The semi-retired rapper, better known as Mac Smiff, has used his experience as an artist and passion for writing to try and build WOHM into the go-to publication for Northwest hip-hop lifestyle.
Judging by Dr. Carl Hart's background, it's a little surprising he ever made it out of the 'hood, let alone became one of the nation's leading neuroscientists. After all, he grew up in a rough area of Miami, Fla., where, as a teenager, he roamed the streets as a gun-toting drug dealer.
The Intiman Theatre partners with The Hansberry Project on a new program focusing on Alice Childress' classic 1955 tragedy, "Trouble in Mind."
Among the icons who appear in this enlightening documentary directed by James Redford are self-made billionaire Richard Branson, investment house CEO Charles Schwab, California Lieutenant Governor Gavin Newsom, and A-list attorney David Boies.
It's Nov. 4, 2008, and Brooklyn is bristling with anticipation about the impending election returns to see whether or not Barack Obama will be the nation's first African-American president.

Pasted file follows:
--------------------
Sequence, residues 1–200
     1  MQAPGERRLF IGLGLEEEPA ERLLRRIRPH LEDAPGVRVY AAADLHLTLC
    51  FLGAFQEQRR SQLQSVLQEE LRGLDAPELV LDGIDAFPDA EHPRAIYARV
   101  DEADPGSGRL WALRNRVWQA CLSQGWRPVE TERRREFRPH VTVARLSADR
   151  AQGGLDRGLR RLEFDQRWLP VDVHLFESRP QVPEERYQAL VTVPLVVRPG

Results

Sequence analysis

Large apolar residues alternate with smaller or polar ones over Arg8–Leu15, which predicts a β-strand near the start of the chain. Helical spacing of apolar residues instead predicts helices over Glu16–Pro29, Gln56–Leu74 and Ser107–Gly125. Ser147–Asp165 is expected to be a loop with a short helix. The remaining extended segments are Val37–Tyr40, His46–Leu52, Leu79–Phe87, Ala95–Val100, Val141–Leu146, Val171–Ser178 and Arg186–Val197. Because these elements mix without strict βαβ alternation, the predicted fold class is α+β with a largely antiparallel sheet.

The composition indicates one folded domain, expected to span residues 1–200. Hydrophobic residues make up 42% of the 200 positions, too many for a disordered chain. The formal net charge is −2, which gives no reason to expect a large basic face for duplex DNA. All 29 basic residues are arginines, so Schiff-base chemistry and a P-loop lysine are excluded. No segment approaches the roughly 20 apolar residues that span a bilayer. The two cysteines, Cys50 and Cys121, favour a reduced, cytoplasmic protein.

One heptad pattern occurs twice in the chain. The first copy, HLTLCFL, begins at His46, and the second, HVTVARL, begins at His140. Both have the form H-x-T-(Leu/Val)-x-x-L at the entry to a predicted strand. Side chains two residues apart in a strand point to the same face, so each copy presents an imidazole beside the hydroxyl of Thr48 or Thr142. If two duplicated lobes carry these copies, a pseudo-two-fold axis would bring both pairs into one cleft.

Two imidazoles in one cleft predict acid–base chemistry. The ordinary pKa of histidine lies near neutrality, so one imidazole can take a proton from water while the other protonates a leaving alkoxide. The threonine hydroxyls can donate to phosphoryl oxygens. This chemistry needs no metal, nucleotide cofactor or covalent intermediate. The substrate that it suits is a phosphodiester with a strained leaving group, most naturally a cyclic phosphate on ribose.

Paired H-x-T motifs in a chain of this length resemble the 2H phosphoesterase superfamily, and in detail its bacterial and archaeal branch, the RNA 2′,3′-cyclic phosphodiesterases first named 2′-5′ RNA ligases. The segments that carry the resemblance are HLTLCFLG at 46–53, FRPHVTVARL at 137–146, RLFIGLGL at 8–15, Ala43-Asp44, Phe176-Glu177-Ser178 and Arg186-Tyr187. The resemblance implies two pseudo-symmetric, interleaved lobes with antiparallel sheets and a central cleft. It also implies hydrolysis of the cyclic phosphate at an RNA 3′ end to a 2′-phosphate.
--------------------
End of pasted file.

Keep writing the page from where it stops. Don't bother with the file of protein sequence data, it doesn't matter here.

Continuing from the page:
Now the group tours internationally and licenses their music to films, TV shows and video games. On July 20, the group will be performing at the Doug Fir Lounge to commemorate the ten year anniversary of "Spirit in Stone," their debut album.
Legendary harmony singer Furman Haynes passed away in Portland, Ore., July 2. A founder member of The Deep Tones, Haynes traveled the world singing with everyone from Ella Fitzgerald, Bill Landford and Count Basie to Johnny Smith's Ink Spots. He founded a record label based in Portland, and was happily married to the love of his life for 60 years.
Economists have been referred to by cynics as emotional cripples who know the price of everything but appreciate the value of nothing. Increasingly, the same might be said of people in general as we've come to embrace the commodification of virtually every aspect of human existence.
Hilary Verheggen reviews Henry's Freedom Box: A True Story from the Underground Railroad.